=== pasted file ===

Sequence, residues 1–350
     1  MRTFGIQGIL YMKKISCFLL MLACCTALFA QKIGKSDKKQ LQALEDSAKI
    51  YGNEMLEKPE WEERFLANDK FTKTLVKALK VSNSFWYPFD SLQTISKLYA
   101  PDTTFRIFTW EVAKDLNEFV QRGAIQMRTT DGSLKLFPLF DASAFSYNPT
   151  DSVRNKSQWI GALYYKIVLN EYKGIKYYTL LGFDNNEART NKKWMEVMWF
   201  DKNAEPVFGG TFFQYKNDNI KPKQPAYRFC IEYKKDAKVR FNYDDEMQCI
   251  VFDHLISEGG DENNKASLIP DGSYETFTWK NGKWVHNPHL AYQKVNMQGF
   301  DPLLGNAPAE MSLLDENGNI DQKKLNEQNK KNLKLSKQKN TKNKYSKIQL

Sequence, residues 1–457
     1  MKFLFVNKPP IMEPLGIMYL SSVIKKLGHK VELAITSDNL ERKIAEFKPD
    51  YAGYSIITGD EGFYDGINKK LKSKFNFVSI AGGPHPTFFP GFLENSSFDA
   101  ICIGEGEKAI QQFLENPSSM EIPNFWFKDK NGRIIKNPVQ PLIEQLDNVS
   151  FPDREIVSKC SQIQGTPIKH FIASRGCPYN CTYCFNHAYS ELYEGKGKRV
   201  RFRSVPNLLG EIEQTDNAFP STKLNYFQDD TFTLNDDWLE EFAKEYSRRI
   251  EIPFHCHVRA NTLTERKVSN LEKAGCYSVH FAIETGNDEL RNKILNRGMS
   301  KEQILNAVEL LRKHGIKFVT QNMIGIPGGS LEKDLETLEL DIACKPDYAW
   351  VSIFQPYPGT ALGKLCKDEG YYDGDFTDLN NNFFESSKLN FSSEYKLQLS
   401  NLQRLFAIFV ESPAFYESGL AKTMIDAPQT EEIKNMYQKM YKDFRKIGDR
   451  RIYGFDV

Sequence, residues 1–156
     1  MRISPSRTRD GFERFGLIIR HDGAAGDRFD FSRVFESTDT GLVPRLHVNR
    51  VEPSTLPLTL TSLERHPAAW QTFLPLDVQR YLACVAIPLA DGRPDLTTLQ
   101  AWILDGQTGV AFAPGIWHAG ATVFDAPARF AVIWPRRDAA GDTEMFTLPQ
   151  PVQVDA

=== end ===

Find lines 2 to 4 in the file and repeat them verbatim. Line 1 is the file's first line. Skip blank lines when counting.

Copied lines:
     1  MRTFGIQGIL YMKKISCFLL MLACCTALFA QKIGKSDKKQ LQALEDSAKI
    51  YGNEMLEKPE WEERFLANDK FTKTLVKALK VSNSFWYPFD SLQTISKLYA
   101  PDTTFRIFTW EVAKDLNEFV QRGAIQMRTT DGSLKLFPLF DASAFSYNPT